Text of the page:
When I was a tween, I absolutely hated camp. I hated the bugs. I hated the stale food. I hated the rank-smelling bunks. I hated the group activities that required us to hike. I hated the mandatory rope courses. I hated the pee-filled pools. I hated the only-three-years-older-than-us counselors on a power trip. I hated the boondoggle. Come to think of it, the only thing I did like about camp was the fact that it looked awesome in the movies.
Every summer since I can remember, I have made it my mission to find a new summer camp movie (scary, or funny) to fall in love with. It was never very hard because really, there is such a ridiculous amount of superbly campy camp movies out there, you could practically dedicate a whole section of a videostore to them. Meatballs. Heavyweights. Camp Nowhere. Sleepaway Camp. Friday the 13th. Camp. Little Darlings. The first half of the LiLo version of The Parent Trap. They’re all perfect rainy summer day fare (or, if you’re an indoor kid like me, straight-up summer afternoon fare). But if I had to pick movie to take on the role of director of the summer camp movie section of my heart, it would most definitely be the hot mess that is Wet Hot American Summer. <
I know, I know, pervs. It sounds like a really cheesy porno from the 70s. But it’s actually more like a really cheesy sex comedy from the 80s that makes fun of everyone, including itself. To put it in sleepaway camp terms, Wet Hot American Summer is the dry comedy equivalent of a hot s’more on a Wednesday night. It doesn’t seem quite right, but it so is.
The movie takes us back to 1981, where campers, counselors and activities captains are celebrating/mourning the last day of their summer at Camp Firewood. Over the course of the day, they do what every camp does before saying goodbye for the year: play capture the flag, have a talent show, almost play in a camp-to-camp softball tourney, go hiking, have an afternoon swim, make-out in the forest, go on a midday cocaine run, hold a gay wedding in the lake and fend off a renegade piece of the SKYLAB space station heading for the camp rec room using a Dungeons and Dragons die.
Yeah, Wet Hot American Summer is not your typical, straight-up summer fun camp movie. It’s more like an end-of-summer themed Christopher Guest (This is Spinal Tap, Best in Show, Waiting for Guffman) mockumentary, minus the one-camera shooting and Eugene Levy cameos. Everything is just a little too out-of-control to be realistic, but done in such a ridiculously deadpan way that you can’t help but laugh hysterically. Like when lunch dude, Gene (Chris Meloni of Law & Order: SVU) tells his cafeteria helper that he’s going to go “fondle his sweaters” when he really means “fondue some cheddar” (or does he?).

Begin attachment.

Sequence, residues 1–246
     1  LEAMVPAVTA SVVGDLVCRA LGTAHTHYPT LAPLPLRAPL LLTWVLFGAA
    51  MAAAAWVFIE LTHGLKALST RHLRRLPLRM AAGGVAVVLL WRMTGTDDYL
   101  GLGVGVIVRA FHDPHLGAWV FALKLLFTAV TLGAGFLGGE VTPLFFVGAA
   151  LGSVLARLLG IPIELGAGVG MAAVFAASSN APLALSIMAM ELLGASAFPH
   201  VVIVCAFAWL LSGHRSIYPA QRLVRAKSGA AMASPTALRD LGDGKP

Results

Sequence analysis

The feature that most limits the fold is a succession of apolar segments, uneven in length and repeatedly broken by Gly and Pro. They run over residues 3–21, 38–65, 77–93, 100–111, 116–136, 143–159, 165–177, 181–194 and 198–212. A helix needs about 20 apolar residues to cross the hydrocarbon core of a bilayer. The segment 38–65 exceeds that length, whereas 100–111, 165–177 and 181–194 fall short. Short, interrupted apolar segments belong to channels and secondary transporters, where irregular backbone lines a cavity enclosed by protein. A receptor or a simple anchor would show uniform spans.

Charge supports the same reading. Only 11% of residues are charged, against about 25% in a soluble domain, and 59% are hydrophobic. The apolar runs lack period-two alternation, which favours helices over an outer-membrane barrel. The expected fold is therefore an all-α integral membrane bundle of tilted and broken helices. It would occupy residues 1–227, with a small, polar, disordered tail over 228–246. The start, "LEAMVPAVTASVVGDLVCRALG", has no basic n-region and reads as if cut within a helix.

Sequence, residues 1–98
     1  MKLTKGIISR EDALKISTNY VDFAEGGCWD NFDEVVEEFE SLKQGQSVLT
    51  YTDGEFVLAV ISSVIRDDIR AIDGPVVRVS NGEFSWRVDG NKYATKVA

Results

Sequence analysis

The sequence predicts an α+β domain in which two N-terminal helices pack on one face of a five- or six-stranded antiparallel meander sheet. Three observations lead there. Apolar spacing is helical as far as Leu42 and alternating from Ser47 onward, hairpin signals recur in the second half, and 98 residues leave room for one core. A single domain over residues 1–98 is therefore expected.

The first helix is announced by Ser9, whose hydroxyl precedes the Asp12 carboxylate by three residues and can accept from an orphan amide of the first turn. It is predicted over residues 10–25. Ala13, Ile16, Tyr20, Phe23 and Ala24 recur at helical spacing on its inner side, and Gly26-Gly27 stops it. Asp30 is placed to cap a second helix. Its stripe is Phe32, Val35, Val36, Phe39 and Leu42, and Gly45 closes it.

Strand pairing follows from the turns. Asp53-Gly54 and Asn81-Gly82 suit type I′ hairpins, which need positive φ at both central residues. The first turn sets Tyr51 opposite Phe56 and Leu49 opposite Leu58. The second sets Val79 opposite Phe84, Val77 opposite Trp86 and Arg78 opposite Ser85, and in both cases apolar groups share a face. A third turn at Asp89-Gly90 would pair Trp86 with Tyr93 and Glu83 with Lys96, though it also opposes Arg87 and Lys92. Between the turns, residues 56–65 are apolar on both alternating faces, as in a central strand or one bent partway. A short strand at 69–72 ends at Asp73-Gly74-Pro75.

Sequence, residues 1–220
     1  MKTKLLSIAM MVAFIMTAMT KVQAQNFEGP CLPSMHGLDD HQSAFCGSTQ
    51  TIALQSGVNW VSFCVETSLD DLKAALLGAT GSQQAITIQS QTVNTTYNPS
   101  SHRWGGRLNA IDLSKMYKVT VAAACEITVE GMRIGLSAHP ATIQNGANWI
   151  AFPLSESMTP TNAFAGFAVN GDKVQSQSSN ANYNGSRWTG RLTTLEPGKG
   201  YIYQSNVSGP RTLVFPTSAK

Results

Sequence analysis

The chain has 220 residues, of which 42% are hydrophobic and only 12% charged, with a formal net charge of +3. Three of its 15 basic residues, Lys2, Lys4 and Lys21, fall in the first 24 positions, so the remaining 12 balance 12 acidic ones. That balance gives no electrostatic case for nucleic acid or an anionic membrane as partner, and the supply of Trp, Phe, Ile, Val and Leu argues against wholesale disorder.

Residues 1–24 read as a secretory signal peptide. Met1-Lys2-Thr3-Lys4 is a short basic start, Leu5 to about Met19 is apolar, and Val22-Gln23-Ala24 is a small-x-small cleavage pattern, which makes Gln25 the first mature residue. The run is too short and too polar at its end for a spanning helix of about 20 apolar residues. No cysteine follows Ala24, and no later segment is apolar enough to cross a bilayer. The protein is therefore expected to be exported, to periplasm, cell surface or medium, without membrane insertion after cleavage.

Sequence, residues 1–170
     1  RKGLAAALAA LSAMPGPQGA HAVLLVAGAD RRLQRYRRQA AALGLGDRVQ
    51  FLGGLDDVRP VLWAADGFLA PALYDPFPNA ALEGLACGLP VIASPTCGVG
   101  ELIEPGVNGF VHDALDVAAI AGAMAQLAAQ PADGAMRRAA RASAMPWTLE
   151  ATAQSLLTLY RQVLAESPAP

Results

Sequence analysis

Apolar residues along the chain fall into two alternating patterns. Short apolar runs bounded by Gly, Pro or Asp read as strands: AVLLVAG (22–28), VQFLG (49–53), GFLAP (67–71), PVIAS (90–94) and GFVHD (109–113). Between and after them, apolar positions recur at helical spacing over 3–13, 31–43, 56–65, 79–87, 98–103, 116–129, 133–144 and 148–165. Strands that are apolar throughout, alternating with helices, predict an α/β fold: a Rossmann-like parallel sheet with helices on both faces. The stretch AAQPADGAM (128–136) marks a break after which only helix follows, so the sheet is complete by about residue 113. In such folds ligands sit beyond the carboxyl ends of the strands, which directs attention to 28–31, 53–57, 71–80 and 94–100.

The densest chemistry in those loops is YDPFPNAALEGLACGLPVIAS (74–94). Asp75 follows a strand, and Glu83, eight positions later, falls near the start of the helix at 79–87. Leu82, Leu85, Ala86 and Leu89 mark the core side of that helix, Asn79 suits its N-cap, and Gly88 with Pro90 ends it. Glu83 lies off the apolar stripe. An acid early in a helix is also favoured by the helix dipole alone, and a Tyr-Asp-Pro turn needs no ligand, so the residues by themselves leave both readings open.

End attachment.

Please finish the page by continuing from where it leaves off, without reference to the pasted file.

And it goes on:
In addition to Meloni, who almost steals the show as a fridge-humping weirdo, the movie features some of the funniest people ever. There’s a few 90s favourites (Janeane Garafalo, David Hyde Piece, Molly Shannon), pretty much everyone who is big in comedy right now (Amy Poehler, Paul Rudd, Bradley Cooper [as a gay counselor!], Elizabeth Banks, 30 Rock‘s Judah Friedlander) and some of my favourite not-as-popular-as-they-should-be awkward funny guys (Michael Showalter, Michael Ian Black, Ken Marino [Party Down]). The way-too-talented cast looks like they had a blast overacting their way through their purposely over-the-top story, which makes it even more hilarious to watch. At one point, Garafalo almost pulls a Jimmy Fallon, muffling some obviously raging guffaws as she improvises a list of Jewish camper names. In any other movie, it would come off as amateur, but in this it just seems like another part of the fucking brilliant fun.
When it comes down to it, Wet Hot American Summer is really about taking the piss out of 80s guilty pleasure montages and over-emoting. Over the course of the 97-minute flick, we get treated to satirical takes on horror-themed summer camp movies (cue Garafalo running around the main office, yelling “The call is coming from inside the camp!!”), slow-motion chase scenes (Marino jumps over a bale of hay dramatically), coming-of-age romances (Showalter’s character swaps shrunken sweaters and flannels with crush for five minutes) and montages of self-discovery (Showalter runs around camp in short-shorts, running-mans his heart out in front of the dance-cabin mirror and attends a therapy session to the tune of “Higher and Higher” in an attempt to learn Gene’s “new way”). And that’s just a taste of the subversive awesomeness.
But like overnight Bible camp, Wet Hot American Summer isn’t for everyone. If you’re afraid of purposely awful puns, relentless fake laughing, Paul Rudd in douche-mode, January-December romances (think J. Biebs meets Mrs. Robinson), secret pizza parties in the woods or canned veggies giving philosophical advice (seriously), you’re better off spending your indoor time rewatching your VHS of Jaws this summer. But if any of those things sound ridiculously hilarious to you, strap on your neon-sweatband, well-worn friendship bracelets and vintage Levi’s cutoffs and get your pasty pre-Canada-day ass over to this grown-up, indoor kid’s unofficial camp ground: the videostore.